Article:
Sorry, Lindsay, this post about Harper’s awful, awful speech not funny either

The “major” economic speech delivered by Stephen Harper, to what sounded like a crowd comprised of the dictionary definition of a smattering of applause, deserves to go down as one of the monumentally inept addresses in Canadian political history.

How did it fail? Let us count the ways.

Humour. For a politician, there’s risk in any attempt at comedy, especially if it’s not self-deprecating in nature. This is especially true when the subject of a speech is serious or sombre – say, and this is just an example, a long-awaited address reflecting on the most severe financial crisis in three-quarters of a century.

Harper himself once joked at a press gallery dinner years ago that he doesn’t engage in self-deprecation because his church tells him it’ll make him go blind. That was a funny line at the time. It’s even funnier now that it seems to actually be true. The Prime Minister can no more poke fun at himself than Fonzie could utter “I’m sorry” or George W. Bush could utter 66% of English verb tenses.

That doesn’t mean that Harper declined to treat the worst financial crisis since the Great Depression as Evening at the Improv. He did. He tried to bring the funny on a number of occasions. He even succeeded once (the banking joke, which I mentioned in my liveblog). But his two most memorable “zingers” flopped in the room, and flop even worse when reconsidered:

“I tell people the floor of my office is littered with red tape. I assure you it’s not blood, it’s just red tape.”

I’m not entirely clear what the joke here was supposed to be, but Harper attempted to form the facial expression generally regarded by humans as a “smile,” so I assume it was a punchline. But what was he saying? That the economic downturn is so bad that there’s blood in the streets? (Hilarious!) That he’s a spaz with scissors? I just don’t get it, but it seems pretty tasteless.

“If you own a home and you have a wife, you will probably be doing home renovations this year.”

This was Stephen Harper attempting to explain how his tax credit for home renovations works. He’s here all quadrennium, folks. Try the veal.

During the last U.S. primary season, Rudy Guiliani failed to even ballpark the price of milk. In fact, doing so has become a strange rite of passage for well-heeled Republican candidates. But for sheer out-of-touchness, Harper now wears the crown (it’s the headgear that rises to a point and has the word “Dunce” written on it).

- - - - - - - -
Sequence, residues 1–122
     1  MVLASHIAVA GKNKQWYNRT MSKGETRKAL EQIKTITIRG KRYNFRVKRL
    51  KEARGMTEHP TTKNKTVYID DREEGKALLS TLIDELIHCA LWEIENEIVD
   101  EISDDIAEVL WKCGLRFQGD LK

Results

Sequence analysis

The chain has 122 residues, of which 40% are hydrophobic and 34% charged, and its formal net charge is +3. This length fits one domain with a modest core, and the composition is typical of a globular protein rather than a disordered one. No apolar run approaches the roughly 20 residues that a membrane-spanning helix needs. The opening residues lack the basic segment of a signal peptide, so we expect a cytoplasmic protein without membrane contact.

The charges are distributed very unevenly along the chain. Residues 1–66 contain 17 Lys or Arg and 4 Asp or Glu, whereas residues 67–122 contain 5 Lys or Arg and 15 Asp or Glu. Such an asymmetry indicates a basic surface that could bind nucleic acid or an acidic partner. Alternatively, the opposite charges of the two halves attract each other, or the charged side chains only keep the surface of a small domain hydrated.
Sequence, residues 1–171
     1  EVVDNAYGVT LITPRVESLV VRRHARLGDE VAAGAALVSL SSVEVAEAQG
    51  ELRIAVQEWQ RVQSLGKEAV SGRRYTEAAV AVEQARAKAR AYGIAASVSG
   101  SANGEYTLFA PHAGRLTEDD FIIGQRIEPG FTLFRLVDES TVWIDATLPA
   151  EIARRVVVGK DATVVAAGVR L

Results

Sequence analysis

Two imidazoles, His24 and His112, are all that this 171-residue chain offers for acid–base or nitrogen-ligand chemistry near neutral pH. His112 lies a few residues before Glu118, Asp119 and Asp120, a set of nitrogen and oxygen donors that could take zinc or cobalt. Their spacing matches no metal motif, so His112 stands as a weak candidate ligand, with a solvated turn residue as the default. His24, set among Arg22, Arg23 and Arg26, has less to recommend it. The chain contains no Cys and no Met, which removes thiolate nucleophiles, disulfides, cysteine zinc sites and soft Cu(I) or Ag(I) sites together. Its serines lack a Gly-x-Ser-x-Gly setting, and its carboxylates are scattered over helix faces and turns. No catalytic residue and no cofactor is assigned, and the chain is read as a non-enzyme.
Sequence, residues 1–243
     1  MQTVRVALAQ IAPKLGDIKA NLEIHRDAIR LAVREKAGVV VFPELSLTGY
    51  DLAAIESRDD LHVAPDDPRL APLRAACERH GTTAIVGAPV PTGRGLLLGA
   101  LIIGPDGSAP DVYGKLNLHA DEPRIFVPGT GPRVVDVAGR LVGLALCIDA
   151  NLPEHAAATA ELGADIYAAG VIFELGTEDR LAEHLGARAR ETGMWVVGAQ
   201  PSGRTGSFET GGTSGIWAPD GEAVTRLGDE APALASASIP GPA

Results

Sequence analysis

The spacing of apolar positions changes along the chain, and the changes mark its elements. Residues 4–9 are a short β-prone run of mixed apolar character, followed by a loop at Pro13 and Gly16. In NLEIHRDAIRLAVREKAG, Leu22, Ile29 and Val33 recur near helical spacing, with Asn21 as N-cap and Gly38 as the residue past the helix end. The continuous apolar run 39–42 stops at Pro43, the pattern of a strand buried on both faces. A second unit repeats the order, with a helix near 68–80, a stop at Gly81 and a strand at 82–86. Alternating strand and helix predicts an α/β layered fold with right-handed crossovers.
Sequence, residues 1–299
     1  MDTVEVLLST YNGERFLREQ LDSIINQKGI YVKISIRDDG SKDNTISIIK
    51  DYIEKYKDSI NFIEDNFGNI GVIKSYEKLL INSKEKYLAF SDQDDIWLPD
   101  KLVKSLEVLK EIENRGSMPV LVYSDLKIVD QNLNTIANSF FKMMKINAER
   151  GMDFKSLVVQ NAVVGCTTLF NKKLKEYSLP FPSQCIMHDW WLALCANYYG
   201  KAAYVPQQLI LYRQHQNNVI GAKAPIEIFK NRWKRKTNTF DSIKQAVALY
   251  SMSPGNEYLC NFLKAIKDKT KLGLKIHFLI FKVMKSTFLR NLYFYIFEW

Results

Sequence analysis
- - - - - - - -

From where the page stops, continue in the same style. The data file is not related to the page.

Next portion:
The man truly seems to believe that Canadians are so confident of their future, so dismissive of and unaffected by the recession, that they are lining up to knock down walls, lay down some marble tile and pay $40,000 for a slightly larger room in which to slit their wrists in the bathtub when the collection agencies start calling.

I’m partial to Harper’s campaign quote about how we can’t possibly have a recession because we’d already have had a recession, but that was just political-bullshit evasiveness – the kind that all politicians engage in. This quote, however – this quote is either revealing of Harper’s true assessment of the impact of the recession (no one is hurting and everyone is loaded with cash) or a grim joke at the expense of hundreds of thousands of Canadians who, having recently lost their jobs, would probably prefer a tax credit on something more useful, such as food.

Tone. OK, so he displayed zero empathy for Canadians. That much is obvious, and in retrospect that much was predictable. Far more astonishing was the fact that Stephen Harper showed no awareness whatsoever of the actual effects of the recession, and no sense that he knew or cared what Canadians were thinking, feeling and experiencing.

The way Harper described it, the recession is 100% opportunity. It’s a chance to spend, a chance to get a leg up on the world, a chance to demonstrate Canada’s economic credentials so that our country can lead the world and, more important, he doesn’t get atomic-wedgied by Merkel again at the next G8.

“If there ever was a time to put away that legendary Canadian modesty,” he preened, “it is now!” Really? That’s the message you’re sending to Canadians in the wake of the largest national job loss in three decades? To start bragging? “Jesus, Italy – you call that a recession. We lost that many jobs before lunch on Tuesday.”

Content. Is it safe to say that Harper failed utterly in his ham-fisted attempt to “inspire” the Canadian people? I think it is. In oratorical terms, Canada’s “relative debt-to-GDP” ratio is not exactly the “better angels of our nature.”

Toward the end of his speech, Harper finally tried to get all Obama on us – but he’d just taken a whole whack of partisan (and, for good measure, inaccurate) shots at the opposition, which kind of spoiled the unity vibe, and his Uplifting Rhetoric (tacked on at the conclusion of the address like the rushed and rote farewells at the end of each episode of The Love Boat) was despairingly comic in its lack of imagination and dearth of sincerity. Canada good. Canada strong. Canada also Canada. Good night everybody!

If this is the best that Harper can do in the face of the greatest challenge of his time in office (not counting having to pick out his own clothes on weekends when his stylist-psychic is off), let’s hope he’s right and Canada pulls out of this recession in a hurry. I’m not sure we’re strong enough to survive another speech like that.